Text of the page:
character. In case multiple devices claim the same name, the link
           will always point to the device with the highest link_priority. If
           the current device goes away, the links will be re-evaluated and
           the device with the next highest link_priority will own the link.
           If no link_priority is specified, the order of the devices, and
           which one of them will own the link, is undefined. Claiming the
           same name for a symlink, which is or might be used for a device
           node, may result in unexpected behavior and is not supported.

           The permissions for the device node. Every specified value
           overwrites the compiled-in default value.

           The value that should be written to a sysfs attribute of the event

           Set a device property value. Property names with a leading '.' are
           not stored in the database or exported to external tool or events.

           Attach a tag to a device. This is used to filter events for users
           of libudev's monitor functionality, or to enumerate a group of
           tagged devices. The implementation can only work efficiently if
           only a few tags are attached to a device. It is only meant to be
           used in contexts with specific device filter requirements, and not
           as a general-purpose flag. Excessive use might result in
           inefficient event handling.

           Add a program to the list of programs to be executed for a specific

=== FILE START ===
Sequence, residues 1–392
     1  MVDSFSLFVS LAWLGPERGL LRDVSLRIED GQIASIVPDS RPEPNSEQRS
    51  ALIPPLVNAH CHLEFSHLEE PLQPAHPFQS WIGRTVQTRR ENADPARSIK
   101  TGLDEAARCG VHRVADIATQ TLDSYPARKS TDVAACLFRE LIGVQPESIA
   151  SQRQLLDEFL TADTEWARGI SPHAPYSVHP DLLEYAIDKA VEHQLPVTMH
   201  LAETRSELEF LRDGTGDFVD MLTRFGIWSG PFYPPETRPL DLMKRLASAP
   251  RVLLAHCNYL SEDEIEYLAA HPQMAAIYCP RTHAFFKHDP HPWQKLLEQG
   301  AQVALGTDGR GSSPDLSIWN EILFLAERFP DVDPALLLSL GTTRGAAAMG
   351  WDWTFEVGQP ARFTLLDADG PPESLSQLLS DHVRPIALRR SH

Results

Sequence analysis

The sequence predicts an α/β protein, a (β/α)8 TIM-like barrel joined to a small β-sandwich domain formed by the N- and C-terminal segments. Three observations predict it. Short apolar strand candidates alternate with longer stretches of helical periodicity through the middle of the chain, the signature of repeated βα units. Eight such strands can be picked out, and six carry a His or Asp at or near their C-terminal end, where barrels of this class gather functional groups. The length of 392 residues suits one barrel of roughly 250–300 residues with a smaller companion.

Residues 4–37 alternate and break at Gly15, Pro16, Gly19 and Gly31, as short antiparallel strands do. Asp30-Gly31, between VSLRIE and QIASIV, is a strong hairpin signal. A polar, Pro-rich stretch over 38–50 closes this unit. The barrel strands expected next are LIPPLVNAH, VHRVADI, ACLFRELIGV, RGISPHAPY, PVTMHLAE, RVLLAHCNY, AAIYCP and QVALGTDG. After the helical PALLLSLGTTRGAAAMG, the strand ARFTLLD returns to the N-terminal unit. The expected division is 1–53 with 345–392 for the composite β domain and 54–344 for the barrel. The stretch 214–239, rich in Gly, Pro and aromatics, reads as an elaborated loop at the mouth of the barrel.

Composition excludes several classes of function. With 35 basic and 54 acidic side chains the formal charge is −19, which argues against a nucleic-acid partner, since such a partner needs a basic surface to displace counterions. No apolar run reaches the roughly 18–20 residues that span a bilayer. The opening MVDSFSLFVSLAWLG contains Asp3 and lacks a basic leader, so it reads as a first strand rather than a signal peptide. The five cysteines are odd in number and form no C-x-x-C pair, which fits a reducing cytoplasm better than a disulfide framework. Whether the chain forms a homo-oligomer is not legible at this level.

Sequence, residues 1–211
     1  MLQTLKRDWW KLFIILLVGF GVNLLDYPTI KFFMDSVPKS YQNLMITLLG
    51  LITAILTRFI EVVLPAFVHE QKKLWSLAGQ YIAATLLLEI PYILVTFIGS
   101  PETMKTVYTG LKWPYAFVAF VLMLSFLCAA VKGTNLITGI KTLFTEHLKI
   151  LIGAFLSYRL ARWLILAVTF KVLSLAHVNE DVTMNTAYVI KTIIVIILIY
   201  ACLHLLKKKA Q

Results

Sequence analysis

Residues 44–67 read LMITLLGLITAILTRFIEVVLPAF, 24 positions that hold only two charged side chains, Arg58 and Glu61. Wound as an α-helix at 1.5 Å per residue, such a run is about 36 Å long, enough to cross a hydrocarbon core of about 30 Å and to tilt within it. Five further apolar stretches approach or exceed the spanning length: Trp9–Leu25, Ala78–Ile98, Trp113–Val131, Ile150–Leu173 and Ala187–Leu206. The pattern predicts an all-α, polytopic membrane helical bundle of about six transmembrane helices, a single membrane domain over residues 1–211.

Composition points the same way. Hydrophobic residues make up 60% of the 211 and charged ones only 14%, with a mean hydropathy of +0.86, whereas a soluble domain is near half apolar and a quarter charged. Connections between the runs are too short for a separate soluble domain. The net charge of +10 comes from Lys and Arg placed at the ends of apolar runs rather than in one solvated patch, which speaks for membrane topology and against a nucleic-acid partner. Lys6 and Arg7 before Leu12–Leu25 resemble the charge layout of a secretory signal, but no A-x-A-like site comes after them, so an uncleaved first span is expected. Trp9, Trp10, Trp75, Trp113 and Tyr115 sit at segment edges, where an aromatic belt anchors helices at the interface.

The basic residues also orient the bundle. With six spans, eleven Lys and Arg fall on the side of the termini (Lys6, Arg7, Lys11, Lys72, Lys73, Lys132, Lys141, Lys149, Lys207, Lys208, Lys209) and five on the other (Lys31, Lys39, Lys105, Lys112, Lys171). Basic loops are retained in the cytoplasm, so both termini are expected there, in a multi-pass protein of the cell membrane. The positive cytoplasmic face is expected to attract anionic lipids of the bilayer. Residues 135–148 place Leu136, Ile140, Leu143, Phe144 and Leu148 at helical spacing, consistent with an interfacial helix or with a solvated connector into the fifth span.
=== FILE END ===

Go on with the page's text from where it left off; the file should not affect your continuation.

device. This can only be used for very short running tasks. Running
           an event process for a long period of time may block all further
           events for this or a dependent device. Long running tasks need to
           be immediately detached from the event process itself. If the
           option RUN{fail_event_on_error} is specified, and the executed
           program returns non-zero, the event will be marked as failed for a
           possible later handling.

           If no absolute path is given, the program is expected to live in
           /lib/udev, otherwise the absolute path must be specified. Program
           name and arguments are separated by spaces. Single quotes can be
           used to specify arguments with spaces.

           Named label where a GOTO can jump to.

           Jumps to the next LABEL with a matching name

           Import a set of variables as device properties, depending on type:

               Execute an external program specified as the assigned value and
               import its output, which must be in environment key format.
               Path specification, command/argument separation, and quoting
               work like in RUN.

               Import a text file specified as the assigned value, which must
               be in environment key format.

               Import a single property specified as the assigned value from
               the current device database. This works only if the database is
               already populated by an earlier event.

               Import a single property from the kernel commandline. For
               simple flags the value of the property will be set to '1'.

               Import the stored keys from the parent device by reading the
               database entry of the parent device. The value assigned to
               IMPORT{parent} is used as a filter of key names to import (with
               the same shell-style pattern matching used for comparisons).

           If no option is given, udev will choose between program and file
           based on the executable bit of the file permissions.

           Wait for a file to become available or until a 10 seconds timeout

           Rule and device options:

               Specify the priority of the created symlinks. Devices with